Modern businesses need offices that make the most of limited space and boost employee wellbeing, while providing enough flexibility for growth, restructuring, and unexpected surprises.
There’s no doubt about it – office space is shrinking. The modern business scene is dominated by small, agile startups that always keep half an eye on growth, expansion and movement, while increased employee churn means offices are no longer the stable, permanent setups they used to be. However, the importance and value of a positive office space has not diminished as a result of this; if anything, it’s now more important than ever to provide the right working environment for your team. The difference is that now that working environment must be able to scale as your business grows, without wasting space in the early stages of development.
In the UK, the primary office space planning guidelines can be found within Regulation 10 of the Workplace (Health, Safety and Welfare) Regulations 1992. The regulation stipulates that each person working in a room must be given at least 11 cubic metres of space, with a maximum calculated ceiling height of three metres. In order to provide this, the traditional square compound of bench desks is the most obvious option, but it’s by no means the most effective – modern businesses need flexible, adaptable workspaces.
The best office design for small spaces is one that can be quickly adjusted for differing requirements. To facilitate this, an open plan arrangement is best, with space in the centre and desks around it. This allows you to position workstations next to windows, which is essential for employee wellbeing. Humans need exposure to 1,000 lux of light for optimum alertness, with the average office lighting systems only providing around 300 lux. A sunny day provides 100,000 lux, making the benefits of windows indisputable.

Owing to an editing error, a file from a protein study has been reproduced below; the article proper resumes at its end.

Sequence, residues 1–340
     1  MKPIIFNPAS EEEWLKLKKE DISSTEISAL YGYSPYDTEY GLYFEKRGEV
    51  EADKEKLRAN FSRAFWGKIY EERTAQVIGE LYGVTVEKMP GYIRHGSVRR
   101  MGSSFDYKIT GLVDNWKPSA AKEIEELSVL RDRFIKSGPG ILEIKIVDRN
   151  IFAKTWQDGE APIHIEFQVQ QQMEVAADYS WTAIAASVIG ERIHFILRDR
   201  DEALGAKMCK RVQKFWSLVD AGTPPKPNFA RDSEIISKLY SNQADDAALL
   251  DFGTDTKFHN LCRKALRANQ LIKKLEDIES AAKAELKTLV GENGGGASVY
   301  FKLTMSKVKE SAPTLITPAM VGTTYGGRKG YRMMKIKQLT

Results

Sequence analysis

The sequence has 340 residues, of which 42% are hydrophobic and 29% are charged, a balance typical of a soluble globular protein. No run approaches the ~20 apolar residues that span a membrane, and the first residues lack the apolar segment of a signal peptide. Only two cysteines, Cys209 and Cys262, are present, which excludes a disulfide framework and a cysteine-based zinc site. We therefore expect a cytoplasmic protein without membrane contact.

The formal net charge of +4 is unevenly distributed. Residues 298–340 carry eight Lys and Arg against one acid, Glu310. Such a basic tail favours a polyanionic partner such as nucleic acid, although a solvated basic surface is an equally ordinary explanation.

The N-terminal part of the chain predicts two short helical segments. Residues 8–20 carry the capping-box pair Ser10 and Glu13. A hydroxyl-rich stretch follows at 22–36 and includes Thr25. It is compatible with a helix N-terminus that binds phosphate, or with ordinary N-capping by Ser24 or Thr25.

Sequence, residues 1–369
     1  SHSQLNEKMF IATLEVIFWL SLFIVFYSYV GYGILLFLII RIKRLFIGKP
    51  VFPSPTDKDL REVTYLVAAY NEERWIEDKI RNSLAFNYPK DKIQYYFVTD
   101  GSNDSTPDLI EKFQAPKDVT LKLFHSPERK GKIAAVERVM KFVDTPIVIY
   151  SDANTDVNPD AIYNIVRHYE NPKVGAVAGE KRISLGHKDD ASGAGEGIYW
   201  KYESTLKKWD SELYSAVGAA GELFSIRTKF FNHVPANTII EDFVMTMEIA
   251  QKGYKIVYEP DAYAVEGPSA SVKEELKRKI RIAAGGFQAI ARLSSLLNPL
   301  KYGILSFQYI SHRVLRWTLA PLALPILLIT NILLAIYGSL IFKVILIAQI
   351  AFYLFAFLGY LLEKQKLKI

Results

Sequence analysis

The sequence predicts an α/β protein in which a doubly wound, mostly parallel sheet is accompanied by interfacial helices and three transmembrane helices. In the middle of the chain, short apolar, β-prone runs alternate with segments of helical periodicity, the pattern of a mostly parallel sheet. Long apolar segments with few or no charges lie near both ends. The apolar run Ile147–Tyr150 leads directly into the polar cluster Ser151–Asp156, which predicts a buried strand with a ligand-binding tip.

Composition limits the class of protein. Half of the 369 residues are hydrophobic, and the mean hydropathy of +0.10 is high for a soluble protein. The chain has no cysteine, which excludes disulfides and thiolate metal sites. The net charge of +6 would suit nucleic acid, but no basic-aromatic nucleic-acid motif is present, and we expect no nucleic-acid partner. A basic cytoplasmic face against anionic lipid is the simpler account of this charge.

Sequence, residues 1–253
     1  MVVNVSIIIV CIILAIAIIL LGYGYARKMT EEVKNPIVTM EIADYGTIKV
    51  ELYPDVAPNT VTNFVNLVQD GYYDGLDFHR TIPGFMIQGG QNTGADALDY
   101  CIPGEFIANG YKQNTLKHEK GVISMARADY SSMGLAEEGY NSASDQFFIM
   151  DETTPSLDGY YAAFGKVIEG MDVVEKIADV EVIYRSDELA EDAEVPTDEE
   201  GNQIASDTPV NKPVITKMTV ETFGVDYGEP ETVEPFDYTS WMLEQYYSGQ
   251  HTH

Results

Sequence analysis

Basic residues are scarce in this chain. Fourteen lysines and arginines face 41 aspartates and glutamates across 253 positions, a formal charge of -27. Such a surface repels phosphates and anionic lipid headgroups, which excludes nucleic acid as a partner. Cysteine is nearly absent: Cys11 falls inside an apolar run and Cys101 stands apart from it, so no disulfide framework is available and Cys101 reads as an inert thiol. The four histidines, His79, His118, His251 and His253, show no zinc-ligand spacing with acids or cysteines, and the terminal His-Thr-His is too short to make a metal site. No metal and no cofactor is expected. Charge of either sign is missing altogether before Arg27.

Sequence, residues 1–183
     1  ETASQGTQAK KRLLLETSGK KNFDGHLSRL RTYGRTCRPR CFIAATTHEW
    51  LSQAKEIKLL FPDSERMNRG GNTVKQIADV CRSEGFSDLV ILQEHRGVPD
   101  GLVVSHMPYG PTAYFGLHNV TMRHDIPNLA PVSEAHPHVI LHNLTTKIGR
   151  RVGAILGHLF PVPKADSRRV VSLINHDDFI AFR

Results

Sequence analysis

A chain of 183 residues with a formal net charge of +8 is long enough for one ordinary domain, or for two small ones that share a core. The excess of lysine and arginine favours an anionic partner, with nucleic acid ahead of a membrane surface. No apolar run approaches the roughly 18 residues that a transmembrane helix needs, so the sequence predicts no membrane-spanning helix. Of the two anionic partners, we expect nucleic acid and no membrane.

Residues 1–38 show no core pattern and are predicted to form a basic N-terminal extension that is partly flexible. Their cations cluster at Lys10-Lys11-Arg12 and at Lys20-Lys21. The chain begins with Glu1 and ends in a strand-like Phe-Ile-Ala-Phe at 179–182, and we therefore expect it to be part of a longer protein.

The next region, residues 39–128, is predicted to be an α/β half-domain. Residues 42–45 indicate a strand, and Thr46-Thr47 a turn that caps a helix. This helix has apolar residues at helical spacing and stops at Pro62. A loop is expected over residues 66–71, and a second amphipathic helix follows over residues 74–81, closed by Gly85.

If you require meeting space, make use of the central area of the room rather than portioning off dedicated meeting rooms. An oval table is much better than a traditional rectangular one for ad-hoc meetings, as it fits more people and is more inclusive. When not required for meetings, the table can serve as hotdesk workstation, display area, lunch table or waiting area. If you need a more formal space, consider booking an external, serviced meeting room instead.
As your team grows, further considerations will need to be taken into account. Keep the number of entrances and exits to a minimum to regulate flow, and make an effort to keep desks facing the door – this puts the maximum number of people in the ‘command’ position, increasing attentiveness and productivity. In a shared office space or a serviced office, you’ll have the option of taking on more individual units or moving to a larger unit – both have their benefits, but there’s certainly more scope for originality with a bigger, more open space.
A larger office gives you room to rethink traditional office furnishings. For example, U-shaped office desks make the most of the space you have available by giving each employee a large work area to minimise clutter, and the ability to compartmentalise tasks and turn away from distractions when necessary. These marginal gains are what give businesses the edge over time, helping with employee retention and wellbeing as well as productivity.
The same applies to seating arrangements, with office chairs a more important consideration in the digital age than ever before. There are several contenders for the mantle of best affordable office chair, with the IKEA Markus (£130), John Lewis Murray (£229) and Herman Miller Sayl (£460) offering breathability, adjustability and comfort to suit a range of different budgets.
Of course, sitting down all day is not advisable, no matter how good the chair, with long periods of sitting linked to a range of health problems. Adjustable sit/stand desks are good for the health of your team, and also give your office the flexibility to adjust for entertainment and presentations without undergoing a wearisome, lengthy transformation process.
Finally, it’s vital not to ignore the benefits of nature. We may spend the majority of our working days indoors, but as a species we’re still far better attuned to greenery and the outdoors. Even a few houseplants dotted around the office can boost productivity by 15%, while a living wall or a selection of bigger, more varied plants could make your space a haven of efficient tranquility.